An English Journey through ‘An Inspector Calls’.

Published in 1934, English Journey details JB Priestley’s 1933 tour of England, a trip commissioned by the left-wing publisher Victor Gollancz (who would later commission Orwell’s copycat travelogue, The Road to Wigan Pier), who was eager to expose the grim realities of working-class post-war Britain. Perhaps to Gollancz’s alarm, English Journey begins optimistically: it is with childish awe and excitement that Priestley observes the Ocean Liners at Southampton, comparing them to Medieval Cathedrals in the way that they are testament to the ambition and accomplishments of mankind.

But, as the days and miles pass, and as Priestley heads further North, away from the private clubs and champagne dinners of London, towards the industrial communities of the North, what begins as a seemingly sentimental jaunt around the country, quickly descends into a record of decimated neighbourhoods, impoverished individuals, and futures devoid of hope and comfort.

Thirteen years later, An Inspector Calls is performed on the London stage for the first time. English Journey, the experiences related in it, and the biographical insight it provides into the thoughts, motives, and political beliefs of its writer, bolster any contextual interrogation of An Inspector Calls and for those studying it at GCSE, I outline the following essential takeaways.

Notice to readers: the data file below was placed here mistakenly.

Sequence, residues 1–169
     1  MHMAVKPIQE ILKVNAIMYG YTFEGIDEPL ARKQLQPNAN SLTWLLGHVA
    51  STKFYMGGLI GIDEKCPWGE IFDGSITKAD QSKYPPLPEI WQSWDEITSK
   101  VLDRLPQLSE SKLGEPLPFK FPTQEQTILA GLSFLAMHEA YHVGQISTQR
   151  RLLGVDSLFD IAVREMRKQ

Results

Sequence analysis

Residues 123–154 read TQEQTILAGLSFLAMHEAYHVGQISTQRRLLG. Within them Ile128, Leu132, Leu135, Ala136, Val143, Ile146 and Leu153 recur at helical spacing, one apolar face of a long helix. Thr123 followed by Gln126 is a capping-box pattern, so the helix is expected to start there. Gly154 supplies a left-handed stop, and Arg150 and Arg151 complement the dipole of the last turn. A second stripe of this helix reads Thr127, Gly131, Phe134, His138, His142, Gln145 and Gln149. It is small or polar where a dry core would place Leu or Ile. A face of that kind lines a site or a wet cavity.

1.Priestley’s experience of the First World War informs his contempt for Mr Birling

In EJ, Priestley visits his hometown of Bradford for a reunion battalion dinner. The occasion prompts Priestley to remark that

The men who were boys when I was a boy are dead. Indeed, they never even grew to be men. They were slaughtered in their youth; and the parents of them have gone lonely, the girls they would have married have grown grey in spinsterhood, and the work they would have done has remained undone.

Priestley goes on to say that his childhood friends, victims of the war that killed so many, were ‘killed by greed…by old men gobbling and roaring in clubs.’ It’s tempting to think that Priestley’s relentless efforts to present Birling as an arsehole stem purely from a contempt for the ruling classes on an economic and political basis, but this suggests that Priestley’s contempt goes far beyond that. One gets the sense that for Priestley, men like Birling are not only responsible for the poverty and deprivation endured by the working classes in post-war Britain, but are also responsible for the slaughter of so many working class men in the first world war.

Priestley’s musings also invite us to look at the younger Birling male in a different light. Will Eric’s ‘public-school-and-Varsity-life’ protect him from the fate suffered by Priestley’s childhood pals? Or is the deplorable behaviour he exhibits in the play, a desperate attempt by Priestley to justify the inevitable fate that Eric will inevitably suffer, as a young man of Britain, in the ‘Great War’ that will begin two years after the play’s action ends.

2. Priestley knew the Midlands and he knew factories